Why the GOOD TIMES feel so good to us now
Roger Cohen NYT
Tuesday, September 7, 2004
In the good times before cappuccino and sushi and rucola went global, in the good times before everything began to look the same, in the good times before adventure became a sport, in the good times when the Paris Metro smelled of Gauloises and garlic and the warehouses of London and New York had not yet been converted to lofts, in the good times before seat belts that beep when not fastened, in the good times when soccer clubs were not yet corporations and spies really did come in from the cold, in the good times before speed cameras and e-mail and overheard cellphone conversations on the train ("Honey, I'm on the train"), in the good times when enemies were not stateless, in those good times, long ago, I vowed never to become a curmudgeon waxing lyrical about the past.
In the good times before airports became shopping malls and before the Googling of everything, in the good times before branding and power breakfasts and break-out sessions and thinking-out-of-the-box, in the good times of telexes and typewriters and three-martini lunches, in the good times of ideological battles and bruising debate, in the good times when every second person was not a hero and every third person was not a victim and every fourth word was not "stress" ,in the good times before spin doctors and channel-surfing and on-line everything, in the good times of the hippie trail and before the war on terror, in those times, way back when, I would not have thought there could be so many billionaires in Moscow.
Those were good times, before nurturing replaced punishment, before the gentrification of the Bastille and Brixton and Brooklyn, before beach volleyball was an Olympic sport, before stock options and stock answers and stock-tickers everywhere, before the relentless pursuit of cool, before celebrity chefs and fusion cooking, before you could get an espresso in Edina or a mango in Minneapolis. Good times they were, when a Thai meal seemed exotic and cholesterol a curiosity.
I know those were good times: Men landed on the moon and snow settled for weeks in London and mysteries were manifold and young people actually dreamed of a perfectible mankind.
In the good times, when things were in black-and-white, imbued with the gravity of a two-tone world, and Willy Brandt went down on his knees, and Brando made us tremble and Fellini fashioned fantasies of lyrical love and John F. Kennedy said he was a Berliner and Kreuzberg was the edge of the known world, in the times when Tom Wolfe took the bus and survival was not a TV series but an existential struggle, and places were more often rancid and foul and fly-ridden, and it was easy to be out of contact, in those times it often seemed that things would always be that way.
Aaah, yes, the good times, when things were not "weird" but strange, and sometimes they really were, before Jimi died and Janis and Jim and Jerry and Kurt, and John of course got shot dead, before the "Best of" albums and the compendiums and the marketing of tenors, before airbags and side-impact protection systems and Humvees, in those disconnected days before Blackberries and voicemail hell and please-leave-a-message-after-the-beep, in the times when the Free World battled the Evil Empire and there was Eurocommunism and Timothy Leary, in those times, before AIDS and the euro and Sharon's wall, times that were certainly different, I did not imagine that democracy and the free market would prove so persuasive.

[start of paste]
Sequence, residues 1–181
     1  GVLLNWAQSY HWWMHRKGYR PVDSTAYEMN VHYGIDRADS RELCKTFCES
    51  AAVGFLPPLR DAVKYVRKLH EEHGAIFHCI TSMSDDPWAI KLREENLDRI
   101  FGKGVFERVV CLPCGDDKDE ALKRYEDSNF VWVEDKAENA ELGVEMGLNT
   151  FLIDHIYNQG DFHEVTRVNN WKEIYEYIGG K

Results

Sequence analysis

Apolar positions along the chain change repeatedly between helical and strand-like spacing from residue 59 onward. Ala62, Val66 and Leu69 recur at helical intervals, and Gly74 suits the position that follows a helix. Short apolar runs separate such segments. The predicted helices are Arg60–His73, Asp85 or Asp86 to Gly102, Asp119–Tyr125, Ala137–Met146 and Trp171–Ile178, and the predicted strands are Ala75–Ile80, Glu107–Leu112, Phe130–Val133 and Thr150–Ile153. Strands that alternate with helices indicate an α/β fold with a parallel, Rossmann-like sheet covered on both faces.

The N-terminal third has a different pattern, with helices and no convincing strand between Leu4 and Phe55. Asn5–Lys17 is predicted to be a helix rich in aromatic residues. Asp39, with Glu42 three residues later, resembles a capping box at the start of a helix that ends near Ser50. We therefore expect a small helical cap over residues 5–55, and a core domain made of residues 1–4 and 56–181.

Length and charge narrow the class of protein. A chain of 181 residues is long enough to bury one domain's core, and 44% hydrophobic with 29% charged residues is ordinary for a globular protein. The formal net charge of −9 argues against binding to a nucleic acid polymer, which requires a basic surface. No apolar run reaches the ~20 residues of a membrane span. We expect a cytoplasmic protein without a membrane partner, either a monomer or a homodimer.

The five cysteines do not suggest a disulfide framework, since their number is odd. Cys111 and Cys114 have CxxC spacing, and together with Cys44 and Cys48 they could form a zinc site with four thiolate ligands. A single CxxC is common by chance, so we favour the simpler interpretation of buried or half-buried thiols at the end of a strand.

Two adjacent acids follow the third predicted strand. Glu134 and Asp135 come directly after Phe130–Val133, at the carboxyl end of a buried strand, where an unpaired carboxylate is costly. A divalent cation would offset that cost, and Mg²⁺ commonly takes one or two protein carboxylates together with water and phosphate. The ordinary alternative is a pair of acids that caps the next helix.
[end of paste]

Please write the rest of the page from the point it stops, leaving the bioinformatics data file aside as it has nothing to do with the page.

In the good times, when Dylan eyed farmers' daughters and Lou serenaded "Sweet Jane" and the late Jim got his fire lit, Baby, and not quite enough was known to feel the smallness of the world or the way it grows smaller, in those times, when people had not yet discovered or did not yet care that there is only one most efficient way of doing things, in the bygone era of Japanese ascension and the all-powerful deutsche mark, when New Zealand was not yet known as the set for "The Lord of the Rings," and caudillos did the bidding of the United States in Latin America, and the world was divided among cold-war surrogates, in those good times, it did not enter my head that some jihadist loony might one day seek to blow up Cleveland if he could only procure the wherewithal.
Believe me, please, those were good times, of outings and treats and children unspoiled, of loveless marriages that lasted, of bashfulness and complexes, when a Frenchman walked a high wire between the Twin Towers and a German teenager landed on Red Square, before Times Square lost its tawdry soul and downtowns got prettified, before personal trainers and Pilates and Harry Potter, before sex in the city made TV, before teenagers said "totally" and "like" just to say something, when there were communes in Copenhagen and Kibbutzim galore, and you could even smoke in a New York bar, before New Labor and the Neocons and the Nouveaux Philosophes, not to mention the Bush Dynasty and China rising, in those times, when Schwarznegger was a Terminator and no governor, before the World Wide Web and the rise of religious fundamentalism, I never thought about the attractions of the past.
Now I do and, in truth, reviewing the good times, setting out their many facets, I am not sure they were better or even that they were really that good.
After all, we live longer now; and I have not mentioned iPods or eBay or Viagra or spellcheck or the ease of calling China or communism-reduced-to-kitsch or, for that matter, the salads at McDonalds.
But if the good times were that illusory, if recalling them is no more than a foible of middle age, how come they feel so good? I'll tell you why: Give or take a nasty interlude, things are always about the same, progress notwithstanding. Because that thought is unbearable, the past begins to glow.
Roger Cohen can be reached at firstname.lastname@example.org